2. The transparency requirements ronda, will no doubt remain all smoke and mirrors and too complex for citizens to understand.
    However, the federal government’s “National Pollutant Inventory” remains in force, whereby all pollutant industries, whose emissions exceed a certain threshold, are required to submit annual pollutant emissions figures to the NPI.
    These figures also indicate which industries are the largest polluters in the nation, by industry or by substances – (minus the fudging of course!)
    Regrettably, these “figures” are provided by a largely self-regulatory industry and are mere stabs in the dark.
    A prime example would be for stack emissions of dioxins. How they derive these estimates is anyone’s guess since the majority of companies are not required to perform independent, analytical stack testing for these seriously hazardous chemicals and if they do, it is once annually or bi-annually despite Australia’s ratification of the Stockholm Convention on persistent organic pollutants (POPs).
    Then you will find the total nation’s emissions, say for example, carbon monoxide, which strangely, have remained at precisely the same levels each year – an impossibility, I would say, particularly when one is operating an industrial stack. (CO oxidises to CO2).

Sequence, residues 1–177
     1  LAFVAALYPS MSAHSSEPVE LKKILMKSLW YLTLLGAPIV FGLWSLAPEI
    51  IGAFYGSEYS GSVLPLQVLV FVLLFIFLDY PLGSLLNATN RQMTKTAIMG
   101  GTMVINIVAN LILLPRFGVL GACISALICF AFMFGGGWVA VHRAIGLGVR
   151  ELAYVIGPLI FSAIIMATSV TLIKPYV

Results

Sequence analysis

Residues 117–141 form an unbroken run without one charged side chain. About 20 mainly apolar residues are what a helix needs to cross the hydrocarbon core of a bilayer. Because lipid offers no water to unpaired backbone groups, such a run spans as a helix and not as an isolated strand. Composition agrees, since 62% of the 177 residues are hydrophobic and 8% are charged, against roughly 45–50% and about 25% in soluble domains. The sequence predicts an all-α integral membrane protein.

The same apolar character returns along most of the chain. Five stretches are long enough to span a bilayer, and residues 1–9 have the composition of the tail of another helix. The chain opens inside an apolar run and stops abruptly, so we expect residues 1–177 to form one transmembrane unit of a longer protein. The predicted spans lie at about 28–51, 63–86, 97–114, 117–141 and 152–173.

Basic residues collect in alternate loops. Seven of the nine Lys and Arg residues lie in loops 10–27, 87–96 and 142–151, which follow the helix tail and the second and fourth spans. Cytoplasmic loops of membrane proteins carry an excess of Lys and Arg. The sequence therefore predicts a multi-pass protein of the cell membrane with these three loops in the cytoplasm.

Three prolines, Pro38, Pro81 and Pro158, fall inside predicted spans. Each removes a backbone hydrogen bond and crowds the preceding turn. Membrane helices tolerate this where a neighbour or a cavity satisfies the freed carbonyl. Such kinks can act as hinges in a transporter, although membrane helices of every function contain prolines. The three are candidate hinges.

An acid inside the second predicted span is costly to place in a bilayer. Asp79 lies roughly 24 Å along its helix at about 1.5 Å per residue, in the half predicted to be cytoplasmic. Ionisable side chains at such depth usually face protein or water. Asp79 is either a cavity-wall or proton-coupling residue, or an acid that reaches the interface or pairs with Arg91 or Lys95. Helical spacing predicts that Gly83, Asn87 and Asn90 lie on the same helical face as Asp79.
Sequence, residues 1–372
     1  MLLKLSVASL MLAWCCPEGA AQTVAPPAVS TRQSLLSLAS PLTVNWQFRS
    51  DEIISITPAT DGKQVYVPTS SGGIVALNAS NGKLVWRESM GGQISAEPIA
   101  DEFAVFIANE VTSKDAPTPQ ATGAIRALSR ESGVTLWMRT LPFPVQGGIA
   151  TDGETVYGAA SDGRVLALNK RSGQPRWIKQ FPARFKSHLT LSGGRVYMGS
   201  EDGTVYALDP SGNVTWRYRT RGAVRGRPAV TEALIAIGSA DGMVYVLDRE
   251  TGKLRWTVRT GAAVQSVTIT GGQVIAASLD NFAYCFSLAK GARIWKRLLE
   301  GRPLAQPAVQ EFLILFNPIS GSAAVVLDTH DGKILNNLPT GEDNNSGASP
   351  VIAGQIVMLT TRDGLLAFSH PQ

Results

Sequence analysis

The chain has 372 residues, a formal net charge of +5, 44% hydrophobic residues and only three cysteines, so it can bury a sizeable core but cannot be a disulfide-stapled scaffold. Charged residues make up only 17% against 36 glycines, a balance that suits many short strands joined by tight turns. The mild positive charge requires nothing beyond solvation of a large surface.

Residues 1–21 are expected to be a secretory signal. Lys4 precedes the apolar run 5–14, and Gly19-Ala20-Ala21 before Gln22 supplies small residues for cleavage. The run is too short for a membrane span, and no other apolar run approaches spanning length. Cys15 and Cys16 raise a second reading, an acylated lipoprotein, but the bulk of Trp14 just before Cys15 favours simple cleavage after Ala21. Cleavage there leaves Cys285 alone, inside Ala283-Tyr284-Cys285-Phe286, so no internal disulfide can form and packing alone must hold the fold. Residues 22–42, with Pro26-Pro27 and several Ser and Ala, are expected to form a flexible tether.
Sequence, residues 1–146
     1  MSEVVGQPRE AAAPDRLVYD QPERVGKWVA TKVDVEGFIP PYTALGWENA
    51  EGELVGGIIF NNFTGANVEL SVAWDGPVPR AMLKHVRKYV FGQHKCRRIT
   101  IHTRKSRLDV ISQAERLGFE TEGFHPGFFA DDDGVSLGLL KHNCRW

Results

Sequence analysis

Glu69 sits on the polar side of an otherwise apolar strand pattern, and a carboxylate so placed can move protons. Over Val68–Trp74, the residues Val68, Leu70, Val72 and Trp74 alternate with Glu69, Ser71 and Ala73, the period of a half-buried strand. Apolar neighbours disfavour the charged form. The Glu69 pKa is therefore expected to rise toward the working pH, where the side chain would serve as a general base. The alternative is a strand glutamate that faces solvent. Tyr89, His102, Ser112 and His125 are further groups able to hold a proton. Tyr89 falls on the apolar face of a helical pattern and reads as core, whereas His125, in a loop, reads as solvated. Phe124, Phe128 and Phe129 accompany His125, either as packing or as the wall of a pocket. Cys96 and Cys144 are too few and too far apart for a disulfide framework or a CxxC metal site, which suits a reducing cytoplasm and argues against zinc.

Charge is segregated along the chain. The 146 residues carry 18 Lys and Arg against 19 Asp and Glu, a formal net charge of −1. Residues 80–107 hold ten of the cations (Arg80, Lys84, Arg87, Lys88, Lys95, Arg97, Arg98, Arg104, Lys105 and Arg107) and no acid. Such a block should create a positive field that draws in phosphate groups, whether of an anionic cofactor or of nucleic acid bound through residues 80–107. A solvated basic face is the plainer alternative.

One needs to know which pollutants oxidise to CO2 too since we are debating GHGs.
    I will fully understand if you advise that you are none the wiser! Cheers for now.

    Comment by Environmental Impact Statement — March 10, 2009 @ 12:12 pm

  3. thanks, the Nat Poll Inventory is too much for me to digest. But the self-regulation, as well as the complexity, is not good practice.
    If statistics can be made understandable for the public, so should pollution. the more complex an issue is, the more resoures need to go into well-designed public communication and feedback encouragement. We really do need to know what pollution we are sending up, and how reliable the reporting is.

    Comment by ronda jambe — March 10, 2009 @ 12:46 pm